I think I like the way I set it up last week, with me posting some of my favorite quotes to get the conversation going, so that’s what I am gonna do again!
Here they are in no particular order:
“The parent can either walk away, (which may leave a child sobbing, or crying out in a panic, “Mommy, come back! Come back!) or banish the child to his room or some other place where a parent isn’t. This tactic might accurately be called forcible isolation. But that label would make a lot of parents uncomfortable, so a more innocuous term tends to be used instead, one that allows us to avoid facing up to what’s really going on. The preferred euphemism, as perhaps you’ve guessed, is time-out.”
“Time-out is actually an abbreviation for time out from positive reinforcement. The practice was developed almost half a century ago as a way of training LABORATORY ANIMALS.”
“For many people, the first question would be whether this approach works. Once again, however, that proves to be a more complicated matter than it may seem. We have to ask, “Works to do what?”
“Spanking and time-out, both communicate to children that if they do something we don’t like, we’ll make them suffer in order to change their behavior. The only remaining question is how we’ll make them suffer: by causing physical pain through hitting, or by causing emotional pain through enforced isolation.”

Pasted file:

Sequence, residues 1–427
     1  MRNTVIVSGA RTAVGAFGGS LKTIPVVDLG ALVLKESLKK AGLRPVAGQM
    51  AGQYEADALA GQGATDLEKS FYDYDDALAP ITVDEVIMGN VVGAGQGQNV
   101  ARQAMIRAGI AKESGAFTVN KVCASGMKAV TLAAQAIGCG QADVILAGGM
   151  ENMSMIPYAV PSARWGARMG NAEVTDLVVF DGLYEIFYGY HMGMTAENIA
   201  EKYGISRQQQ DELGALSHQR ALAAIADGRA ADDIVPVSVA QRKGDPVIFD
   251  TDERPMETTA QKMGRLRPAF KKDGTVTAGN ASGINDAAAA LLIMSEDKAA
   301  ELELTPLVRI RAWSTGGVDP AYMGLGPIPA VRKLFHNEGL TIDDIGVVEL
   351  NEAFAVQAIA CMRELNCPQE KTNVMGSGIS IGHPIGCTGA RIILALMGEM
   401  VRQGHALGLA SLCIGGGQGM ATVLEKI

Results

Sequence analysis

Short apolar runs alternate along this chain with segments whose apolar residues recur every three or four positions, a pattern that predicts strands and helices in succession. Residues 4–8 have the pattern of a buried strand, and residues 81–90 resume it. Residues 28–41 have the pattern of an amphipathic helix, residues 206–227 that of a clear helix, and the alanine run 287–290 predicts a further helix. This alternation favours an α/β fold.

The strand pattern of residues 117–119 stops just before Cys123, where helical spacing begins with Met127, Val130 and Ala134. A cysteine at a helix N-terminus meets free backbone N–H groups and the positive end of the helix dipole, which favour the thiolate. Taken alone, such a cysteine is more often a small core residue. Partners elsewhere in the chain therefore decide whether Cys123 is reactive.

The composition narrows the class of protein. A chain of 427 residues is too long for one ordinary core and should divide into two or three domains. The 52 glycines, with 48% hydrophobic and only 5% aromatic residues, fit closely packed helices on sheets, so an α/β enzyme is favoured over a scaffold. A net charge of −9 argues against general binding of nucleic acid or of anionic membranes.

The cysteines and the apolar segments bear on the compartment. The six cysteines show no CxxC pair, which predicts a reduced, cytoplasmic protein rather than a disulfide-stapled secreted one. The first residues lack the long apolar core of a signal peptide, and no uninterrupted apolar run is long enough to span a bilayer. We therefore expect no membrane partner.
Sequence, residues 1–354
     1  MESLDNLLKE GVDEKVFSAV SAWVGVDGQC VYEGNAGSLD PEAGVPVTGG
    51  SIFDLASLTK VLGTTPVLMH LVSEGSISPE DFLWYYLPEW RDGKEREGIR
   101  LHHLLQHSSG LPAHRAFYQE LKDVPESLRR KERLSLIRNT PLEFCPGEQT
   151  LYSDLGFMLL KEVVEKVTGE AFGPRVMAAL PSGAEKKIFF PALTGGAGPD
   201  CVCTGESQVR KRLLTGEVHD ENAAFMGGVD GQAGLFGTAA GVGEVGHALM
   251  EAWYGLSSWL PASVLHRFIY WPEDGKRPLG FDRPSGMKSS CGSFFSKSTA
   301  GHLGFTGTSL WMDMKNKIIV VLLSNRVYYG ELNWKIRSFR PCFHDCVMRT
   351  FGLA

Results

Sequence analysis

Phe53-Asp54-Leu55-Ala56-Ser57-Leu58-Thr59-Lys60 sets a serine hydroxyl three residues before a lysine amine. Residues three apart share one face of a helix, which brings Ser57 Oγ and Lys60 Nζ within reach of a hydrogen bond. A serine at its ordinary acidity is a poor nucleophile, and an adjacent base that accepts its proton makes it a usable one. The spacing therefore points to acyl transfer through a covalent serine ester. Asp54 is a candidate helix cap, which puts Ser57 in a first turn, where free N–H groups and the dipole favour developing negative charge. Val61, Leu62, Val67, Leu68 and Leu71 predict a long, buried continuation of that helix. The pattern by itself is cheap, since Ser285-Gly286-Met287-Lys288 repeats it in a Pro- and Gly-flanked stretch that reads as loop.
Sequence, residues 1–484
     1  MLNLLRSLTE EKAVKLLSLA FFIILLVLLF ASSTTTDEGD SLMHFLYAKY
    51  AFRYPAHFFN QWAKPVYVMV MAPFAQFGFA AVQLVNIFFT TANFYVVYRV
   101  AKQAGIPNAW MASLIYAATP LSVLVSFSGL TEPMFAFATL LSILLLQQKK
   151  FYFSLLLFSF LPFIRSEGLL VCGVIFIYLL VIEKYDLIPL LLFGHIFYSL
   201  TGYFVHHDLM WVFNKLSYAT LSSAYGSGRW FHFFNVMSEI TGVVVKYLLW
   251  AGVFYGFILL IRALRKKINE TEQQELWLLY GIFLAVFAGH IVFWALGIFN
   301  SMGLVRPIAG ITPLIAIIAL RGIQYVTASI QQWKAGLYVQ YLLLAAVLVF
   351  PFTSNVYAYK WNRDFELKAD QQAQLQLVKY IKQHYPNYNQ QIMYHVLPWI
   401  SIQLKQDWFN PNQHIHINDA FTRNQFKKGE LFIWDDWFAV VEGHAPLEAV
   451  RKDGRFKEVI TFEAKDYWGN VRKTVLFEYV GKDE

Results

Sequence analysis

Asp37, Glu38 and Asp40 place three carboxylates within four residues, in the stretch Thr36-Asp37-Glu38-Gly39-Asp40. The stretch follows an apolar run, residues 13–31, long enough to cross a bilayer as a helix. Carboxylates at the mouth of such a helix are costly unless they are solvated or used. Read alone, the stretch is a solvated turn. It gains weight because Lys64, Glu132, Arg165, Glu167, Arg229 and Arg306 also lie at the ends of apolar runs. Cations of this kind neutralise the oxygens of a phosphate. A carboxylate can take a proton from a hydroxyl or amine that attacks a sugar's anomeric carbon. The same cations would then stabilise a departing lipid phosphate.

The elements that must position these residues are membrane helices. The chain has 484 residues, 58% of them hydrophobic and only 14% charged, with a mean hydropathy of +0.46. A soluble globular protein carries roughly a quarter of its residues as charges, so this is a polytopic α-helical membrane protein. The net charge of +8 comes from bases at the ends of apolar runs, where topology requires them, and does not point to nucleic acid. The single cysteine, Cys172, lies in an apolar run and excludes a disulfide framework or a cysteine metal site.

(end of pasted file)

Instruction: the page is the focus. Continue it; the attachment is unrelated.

“Intrinsic motivation basically means you like what you’re doing for its own sake, whereas extrinsic motivation means you do something as a means to an end- in order to get a reward or avoid a punishment. It’s the difference between reading a book because you want to find out what happens in the next chapter and reading because you’ve been promised a sticker or a pizza for doing so.”
“The more that people are rewarded for doing something, the more likely they are to lose interest in whatever they had to do to get the reward.”
What grabbed you the most this chapter? How damaging time-outs are or that rewards are just as damaging? Or both?